Obama: Alan Keyes
Obama fancies himself friends with everybody, but Alan Keyes, his feeble Republican opponent for Illinois senator in 2004, managed to earn Obama’s ire. After the original Republican nominee, Jack Ryan, was humiliated by the release of scandalous divorce records and dropped out of the race, Keyes was flown in from Maryland on the Carpetbagger Express to fill the void. With no chance of winning the election, Keyes was tasked with knocking the halo off Obama’s head, as one Republican state-senate colleague conceded. The plan, seemingly, was to attack Obama with the most outrageous allegations Keyes could devise: “Christ would not vote for Barack Obama,” he said. Obama condoned the “genocide” of black babies through his support for abortion rights. He wasn’t truly an African-American because he didn’t descend from slaves. He was a “hard-core, academic Marxist.” “I often had to suppress the rather uncharitable urge to either taunt him or wring his neck,” Obama writes in The Audacity of Hope. Instead, Obama effortlessly won the race.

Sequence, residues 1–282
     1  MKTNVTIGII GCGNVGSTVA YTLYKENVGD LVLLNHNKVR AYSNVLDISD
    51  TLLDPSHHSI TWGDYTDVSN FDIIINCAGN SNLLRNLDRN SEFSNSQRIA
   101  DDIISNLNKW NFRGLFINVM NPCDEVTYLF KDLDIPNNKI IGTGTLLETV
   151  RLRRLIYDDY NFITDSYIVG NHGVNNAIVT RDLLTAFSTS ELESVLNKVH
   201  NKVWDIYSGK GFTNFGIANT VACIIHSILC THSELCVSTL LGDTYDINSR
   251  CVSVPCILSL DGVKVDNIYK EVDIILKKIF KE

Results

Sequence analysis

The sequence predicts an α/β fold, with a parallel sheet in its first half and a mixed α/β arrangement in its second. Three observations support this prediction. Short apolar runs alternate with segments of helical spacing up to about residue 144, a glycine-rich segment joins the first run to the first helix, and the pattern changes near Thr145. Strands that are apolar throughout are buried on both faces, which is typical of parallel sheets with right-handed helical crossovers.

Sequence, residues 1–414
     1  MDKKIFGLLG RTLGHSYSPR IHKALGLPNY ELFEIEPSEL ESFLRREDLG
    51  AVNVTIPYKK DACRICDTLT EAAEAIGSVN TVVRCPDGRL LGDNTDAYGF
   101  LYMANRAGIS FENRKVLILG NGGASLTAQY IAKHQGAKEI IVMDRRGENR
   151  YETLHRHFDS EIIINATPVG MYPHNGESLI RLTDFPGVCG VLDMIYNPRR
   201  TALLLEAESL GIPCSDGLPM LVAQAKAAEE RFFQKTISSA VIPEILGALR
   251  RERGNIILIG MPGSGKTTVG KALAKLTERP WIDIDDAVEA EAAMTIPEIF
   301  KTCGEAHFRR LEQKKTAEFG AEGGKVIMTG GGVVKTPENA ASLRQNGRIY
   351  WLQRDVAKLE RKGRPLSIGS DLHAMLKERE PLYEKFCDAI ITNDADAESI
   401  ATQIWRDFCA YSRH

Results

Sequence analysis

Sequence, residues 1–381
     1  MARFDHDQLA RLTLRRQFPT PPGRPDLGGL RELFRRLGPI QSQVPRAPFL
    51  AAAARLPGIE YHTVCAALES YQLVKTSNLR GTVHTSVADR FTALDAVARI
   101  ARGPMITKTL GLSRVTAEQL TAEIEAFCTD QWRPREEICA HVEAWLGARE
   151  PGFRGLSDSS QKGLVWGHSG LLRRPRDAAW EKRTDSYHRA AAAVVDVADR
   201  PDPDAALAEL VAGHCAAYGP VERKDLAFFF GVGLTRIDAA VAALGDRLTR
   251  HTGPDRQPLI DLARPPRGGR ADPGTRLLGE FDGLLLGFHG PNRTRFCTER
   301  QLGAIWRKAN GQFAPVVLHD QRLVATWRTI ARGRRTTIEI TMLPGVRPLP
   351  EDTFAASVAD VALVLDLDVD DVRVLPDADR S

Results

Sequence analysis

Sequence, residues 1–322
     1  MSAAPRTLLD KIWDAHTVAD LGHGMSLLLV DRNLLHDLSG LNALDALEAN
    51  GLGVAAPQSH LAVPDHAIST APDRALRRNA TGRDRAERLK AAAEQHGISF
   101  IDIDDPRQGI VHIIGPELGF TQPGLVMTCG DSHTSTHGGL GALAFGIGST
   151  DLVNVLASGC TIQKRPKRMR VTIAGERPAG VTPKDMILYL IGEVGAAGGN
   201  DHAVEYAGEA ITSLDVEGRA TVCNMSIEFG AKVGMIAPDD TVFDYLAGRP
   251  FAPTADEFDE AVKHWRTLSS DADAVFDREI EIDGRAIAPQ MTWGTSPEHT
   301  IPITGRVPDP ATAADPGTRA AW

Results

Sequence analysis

McCain: Rush Limbaugh
Throughout his career McCain has made friends of Democrats and enemies of Republicans, but of the irate conservatives, Rush Limbaugh has been his most vocal and persistent opponent. In the 2000 presidential election, Limbaugh accused McCain of being intellectually dishonest and using tactics “right out of the Bill Clinton–George McGovern playbook.” This primary season he has said that if McCain (or Mike Huckabee , as it happens) captured the nomination, he would “destroy the Republican Party.” (“I don’t even listen to Rush,” McCain has told Newsweek. “I’m not a masochist.”) McCain has lately been trying to make nice with the Republican right wing, but he has not courted Limbaugh—and Limbaugh has not let up, recently saying “If you Republicans don’t mind McCain’s positions, then what is it about Hillary’s positions you dislike? They’re the same!”